The Secret History Of: The Peugeot Peppermill
Cahal Milmo is the chief reporter of The Independent and has been with the paper since 2000. He was born in London and previously worked at the Press Association news agency. He has reported on assignment at home and abroad, including Rwanda, Sudan and Burkina Faso, the phone hacking scandal and the London Olympics. In his spare time he is a keen runner and cyclist, and keeps an allotment.
Friday 31 December 2010
It looks like a classic wooden peppermill. You've probably used one without realising. But it is, in fact, a Peugeot peppermill. Yes, it turns out that the French company has been making pepper, salt and coffee mills for longer than it has been making cars. Who knew?
It is regarded by many as the best peppermill in the world. It comes with a lifetime guarantee and the parts are reckoned to be impossible to wear out. The key is in the helix-shaped teeth which grip the peppercorns while they are ground. Each one is cracked in half before the grinding starts, using the same technology that is used to produce ball bearings. The knob on the top allows you to adjust the size of the pepper that you wish to grind, from crushed corns for steak to finely ground ones for delicate sauces.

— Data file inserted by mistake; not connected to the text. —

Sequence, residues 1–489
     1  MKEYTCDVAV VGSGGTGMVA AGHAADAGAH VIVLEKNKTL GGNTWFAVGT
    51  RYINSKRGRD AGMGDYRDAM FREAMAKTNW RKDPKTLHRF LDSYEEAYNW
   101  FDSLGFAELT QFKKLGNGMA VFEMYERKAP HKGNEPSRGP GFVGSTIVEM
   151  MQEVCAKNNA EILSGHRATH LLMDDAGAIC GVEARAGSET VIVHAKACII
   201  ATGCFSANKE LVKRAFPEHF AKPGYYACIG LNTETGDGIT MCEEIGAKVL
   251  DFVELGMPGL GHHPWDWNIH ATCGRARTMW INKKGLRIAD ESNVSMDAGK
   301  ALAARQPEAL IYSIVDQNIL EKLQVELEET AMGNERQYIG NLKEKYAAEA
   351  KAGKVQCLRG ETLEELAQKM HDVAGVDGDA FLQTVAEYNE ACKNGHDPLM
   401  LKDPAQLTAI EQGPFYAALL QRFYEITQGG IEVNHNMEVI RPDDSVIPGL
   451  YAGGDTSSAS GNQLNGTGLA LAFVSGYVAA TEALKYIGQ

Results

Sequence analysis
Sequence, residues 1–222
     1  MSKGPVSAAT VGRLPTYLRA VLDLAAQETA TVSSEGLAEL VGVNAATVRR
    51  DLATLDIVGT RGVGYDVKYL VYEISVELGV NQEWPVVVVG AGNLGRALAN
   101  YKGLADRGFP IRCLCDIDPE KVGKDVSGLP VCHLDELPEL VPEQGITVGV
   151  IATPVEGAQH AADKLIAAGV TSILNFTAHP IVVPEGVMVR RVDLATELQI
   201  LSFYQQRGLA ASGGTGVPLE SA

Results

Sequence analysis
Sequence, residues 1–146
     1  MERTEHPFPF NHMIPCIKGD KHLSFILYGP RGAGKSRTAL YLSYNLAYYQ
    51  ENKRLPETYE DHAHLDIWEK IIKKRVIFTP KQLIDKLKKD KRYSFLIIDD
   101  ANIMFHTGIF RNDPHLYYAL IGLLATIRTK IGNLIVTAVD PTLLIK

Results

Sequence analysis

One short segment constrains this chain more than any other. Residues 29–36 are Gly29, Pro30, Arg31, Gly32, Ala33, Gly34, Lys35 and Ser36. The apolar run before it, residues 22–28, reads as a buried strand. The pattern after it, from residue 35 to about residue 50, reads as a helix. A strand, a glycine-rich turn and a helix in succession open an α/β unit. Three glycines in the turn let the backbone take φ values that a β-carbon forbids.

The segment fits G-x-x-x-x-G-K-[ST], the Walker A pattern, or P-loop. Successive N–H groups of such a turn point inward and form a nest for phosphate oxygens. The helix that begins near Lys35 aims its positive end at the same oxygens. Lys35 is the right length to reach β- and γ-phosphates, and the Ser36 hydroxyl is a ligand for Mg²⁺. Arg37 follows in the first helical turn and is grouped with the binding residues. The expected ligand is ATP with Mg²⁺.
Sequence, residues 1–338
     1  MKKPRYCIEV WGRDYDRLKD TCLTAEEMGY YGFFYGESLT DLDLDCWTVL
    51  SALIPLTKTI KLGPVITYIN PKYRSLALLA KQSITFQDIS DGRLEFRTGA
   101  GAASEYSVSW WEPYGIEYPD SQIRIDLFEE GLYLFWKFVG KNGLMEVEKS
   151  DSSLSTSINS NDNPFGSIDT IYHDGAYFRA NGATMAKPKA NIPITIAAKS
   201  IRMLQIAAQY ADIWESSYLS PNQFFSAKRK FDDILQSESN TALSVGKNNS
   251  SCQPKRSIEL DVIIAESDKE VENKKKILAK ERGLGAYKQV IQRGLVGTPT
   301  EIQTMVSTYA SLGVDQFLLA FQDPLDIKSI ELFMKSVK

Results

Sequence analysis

The story begins in 1810, when the Peugeot brothers converted the family flour mill to steel. They began making tools, watch and clock mechanisms as well as crinolines and corset stays, sewing machines and irons.
In 1840, they made their first coffee mill. This remained in production until 1975, becoming electric along the way. The peppermill followed and its milling system was patented, all under the emblem of the lion.
The company stayed in the kitchen and made washing machines, radios and, during the 1960s, the first food processor – the Peugimix.
And so the status quo would have remained had it not been for the advent of the motor car. Armand Peugeot was a fan. His cousin Eugène was not. So the company was divided into two. Under the terms of the separation, Eugène's company, Les Fils de Peugeot Frères, was banned from making cars and Armand's half, La Société des Automobiles Peugeot, was forbidden from making tools, two-wheeled vehicles, tricycles and quadricycles with a saddle.
Eugène's sons launched their own car brand, Lion Peugeot, in 1905, and began making models. Five years later, the companies merged once more. But many people still don't realise the connection between the two products. Kathy Davies, of www.salamandercookshop.com, says: "People seem to know how to pronounce the name of the car but when they see the peppermill, they ask for a 'Pewjo' and don't make the connection.
"It's the most fantastic peppermill, though. Each part of it is so well engineered that once you've used one of those, you can't go back to another."
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